In this case, the risk was worth the reward, a lesson that informs how Amazon runs to this day. Being willing to risk it certainly led to failures like Amazon Auctions, a division that simply couldn’t compete with eBay, but it’s also spawned the wildly successful 1-click purchase and many other innovations.
To support a culture of initiative and risk-taking, Bezos created the “just do it” award, which is given to employees who tried and succeeded — and also to those who tried and failed. The core message is that having taken the risk is always better than being too fearful to move.
Habit 6: Decide with data.
If you were born after 1985, you might not realize that Amazon started out as a book shop. The initial product selection was no happy accident on Bezos’s part, but the result of logic and facts. Books can be shipped without breaking, they’re rarely returned, and they’ll never expire (even if the knowledge therein grows stale). In short, books are the ideal product for e-commerce.
Nearly every aspect of commerce and customer behavior is quantifiable, so Bezos demands that all decisions be based on data. Meetings are about metrics, not customer anecdotes.
Habit 7: Stay hungry.
Amazon began with books, but conquered music, movies, electronics, and toys in very short order. Next came the Kindle, and with it, they won their niche. Even now, there are Amazon services completely under the radar to most consumers. Did you know that Amazon Web services provides cloud computing services to big businesses, the US government, and even NASA?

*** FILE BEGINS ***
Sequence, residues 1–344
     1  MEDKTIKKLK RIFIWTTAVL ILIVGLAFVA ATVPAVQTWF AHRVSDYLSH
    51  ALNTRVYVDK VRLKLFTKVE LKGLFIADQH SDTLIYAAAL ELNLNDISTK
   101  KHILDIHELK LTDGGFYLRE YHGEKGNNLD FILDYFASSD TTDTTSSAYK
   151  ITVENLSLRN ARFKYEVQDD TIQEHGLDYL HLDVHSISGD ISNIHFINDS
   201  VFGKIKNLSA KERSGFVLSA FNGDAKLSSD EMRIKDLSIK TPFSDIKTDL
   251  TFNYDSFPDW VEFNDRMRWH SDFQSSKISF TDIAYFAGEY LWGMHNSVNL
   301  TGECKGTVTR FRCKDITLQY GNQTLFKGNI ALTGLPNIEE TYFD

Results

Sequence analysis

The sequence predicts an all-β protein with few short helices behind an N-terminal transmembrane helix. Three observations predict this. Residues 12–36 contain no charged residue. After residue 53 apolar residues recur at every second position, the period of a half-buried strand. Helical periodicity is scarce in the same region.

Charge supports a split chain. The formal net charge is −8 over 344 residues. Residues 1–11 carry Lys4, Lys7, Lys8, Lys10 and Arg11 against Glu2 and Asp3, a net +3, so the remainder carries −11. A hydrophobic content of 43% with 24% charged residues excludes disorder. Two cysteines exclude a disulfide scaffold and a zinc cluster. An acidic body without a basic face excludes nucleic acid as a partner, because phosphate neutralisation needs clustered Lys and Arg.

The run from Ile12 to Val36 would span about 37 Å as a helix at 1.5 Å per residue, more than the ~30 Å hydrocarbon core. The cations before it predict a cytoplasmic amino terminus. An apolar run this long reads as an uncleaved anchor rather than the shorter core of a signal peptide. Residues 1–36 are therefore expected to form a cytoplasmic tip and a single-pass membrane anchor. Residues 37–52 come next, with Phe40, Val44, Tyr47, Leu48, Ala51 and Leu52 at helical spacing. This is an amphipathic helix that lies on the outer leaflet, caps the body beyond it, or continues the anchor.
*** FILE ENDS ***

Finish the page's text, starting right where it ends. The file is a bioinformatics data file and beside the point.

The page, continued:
How did this happen? It certainly didn’t come from Bezos getting complacent. To the contrary, he believes that there are no products and services Amazon couldn’t sell. Soon, the company will have its own delivery fleet, become a publisher and media company, and perhaps even offer 3D printing services. For Bezos, the future is rife with possibility, opportunity, and inventiveness — and he’s hungry for all that it brings.
Jeff Bezos’s unique way of thinking long-term, rewriting rules, and taking smart risks has made the company into a giant. So take it from Amazon’s founding striver: focus on customers, stay hungry, be frugal, and hey, take a peep into the garage. If you look past the lawn mowers and rakes, it might be full of potential.
Source: Business Insider